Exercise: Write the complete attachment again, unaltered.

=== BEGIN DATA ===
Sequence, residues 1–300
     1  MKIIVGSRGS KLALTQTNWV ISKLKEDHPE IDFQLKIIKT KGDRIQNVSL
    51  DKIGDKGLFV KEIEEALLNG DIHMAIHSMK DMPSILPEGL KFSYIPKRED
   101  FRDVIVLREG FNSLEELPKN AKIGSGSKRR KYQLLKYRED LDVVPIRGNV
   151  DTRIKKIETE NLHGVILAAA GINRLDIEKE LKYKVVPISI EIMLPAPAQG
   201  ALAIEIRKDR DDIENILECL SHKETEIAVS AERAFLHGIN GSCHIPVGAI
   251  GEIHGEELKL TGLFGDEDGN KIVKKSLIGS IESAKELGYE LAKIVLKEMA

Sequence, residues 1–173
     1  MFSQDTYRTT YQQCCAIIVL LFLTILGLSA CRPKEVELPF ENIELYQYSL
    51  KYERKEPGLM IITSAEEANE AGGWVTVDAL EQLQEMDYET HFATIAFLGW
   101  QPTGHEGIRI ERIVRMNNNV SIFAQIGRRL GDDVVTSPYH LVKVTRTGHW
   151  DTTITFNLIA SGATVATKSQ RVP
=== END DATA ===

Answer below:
Sequence, residues 1–300
     1  MKIIVGSRGS KLALTQTNWV ISKLKEDHPE IDFQLKIIKT KGDRIQNVSL
    51  DKIGDKGLFV KEIEEALLNG DIHMAIHSMK DMPSILPEGL KFSYIPKRED
   101  FRDVIVLREG FNSLEELPKN AKIGSGSKRR KYQLLKYRED LDVVPIRGNV
   151  DTRIKKIETE NLHGVILAAA GINRLDIEKE LKYKVVPISI EIMLPAPAQG
   201  ALAIEIRKDR DDIENILECL SHKETEIAVS AERAFLHGIN GSCHIPVGAI
   251  GEIHGEELKL TGLFGDEDGN KIVKKSLIGS IESAKELGYE LAKIVLKEMA

Sequence, residues 1–173
     1  MFSQDTYRTT YQQCCAIIVL LFLTILGLSA CRPKEVELPF ENIELYQYSL
    51  KYERKEPGLM IITSAEEANE AGGWVTVDAL EQLQEMDYET HFATIAFLGW
   101  QPTGHEGIRI ERIVRMNNNV SIFAQIGRRL GDDVVTSPYH LVKVTRTGHW
   151  DTTITFNLIA SGATVATKSQ RVP